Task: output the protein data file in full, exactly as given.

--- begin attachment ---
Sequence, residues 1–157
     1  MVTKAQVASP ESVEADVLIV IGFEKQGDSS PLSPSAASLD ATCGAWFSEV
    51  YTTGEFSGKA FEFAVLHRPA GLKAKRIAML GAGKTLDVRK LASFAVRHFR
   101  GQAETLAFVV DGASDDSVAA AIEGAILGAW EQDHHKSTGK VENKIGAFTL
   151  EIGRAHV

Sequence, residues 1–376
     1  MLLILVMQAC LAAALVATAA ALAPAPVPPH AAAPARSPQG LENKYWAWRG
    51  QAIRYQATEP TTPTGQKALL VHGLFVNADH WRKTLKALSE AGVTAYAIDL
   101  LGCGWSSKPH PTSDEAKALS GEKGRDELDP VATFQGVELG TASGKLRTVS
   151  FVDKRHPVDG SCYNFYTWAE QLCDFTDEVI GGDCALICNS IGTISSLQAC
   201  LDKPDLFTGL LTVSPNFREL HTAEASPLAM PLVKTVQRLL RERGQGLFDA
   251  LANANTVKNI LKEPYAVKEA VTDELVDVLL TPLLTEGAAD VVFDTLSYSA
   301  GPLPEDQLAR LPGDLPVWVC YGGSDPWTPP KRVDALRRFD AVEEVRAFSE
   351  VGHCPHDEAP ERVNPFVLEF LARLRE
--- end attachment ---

Sequence, residues 1–157
     1  MVTKAQVASP ESVEADVLIV IGFEKQGDSS PLSPSAASLD ATCGAWFSEV
    51  YTTGEFSGKA FEFAVLHRPA GLKAKRIAML GAGKTLDVRK LASFAVRHFR
   101  GQAETLAFVV DGASDDSVAA AIEGAILGAW EQDHHKSTGK VENKIGAFTL
   151  EIGRAHV

Sequence, residues 1–376
     1  MLLILVMQAC LAAALVATAA ALAPAPVPPH AAAPARSPQG LENKYWAWRG
    51  QAIRYQATEP TTPTGQKALL VHGLFVNADH WRKTLKALSE AGVTAYAIDL
   101  LGCGWSSKPH PTSDEAKALS GEKGRDELDP VATFQGVELG TASGKLRTVS
   151  FVDKRHPVDG SCYNFYTWAE QLCDFTDEVI GGDCALICNS IGTISSLQAC
   201  LDKPDLFTGL LTVSPNFREL HTAEASPLAM PLVKTVQRLL RERGQGLFDA
   251  LANANTVKNI LKEPYAVKEA VTDELVDVLL TPLLTEGAAD VVFDTLSYSA
   301  GPLPEDQLAR LPGDLPVWVC YGGSDPWTPP KRVDALRRFD AVEEVRAFSE
   351  VGHCPHDEAP ERVNPFVLEF LARLRE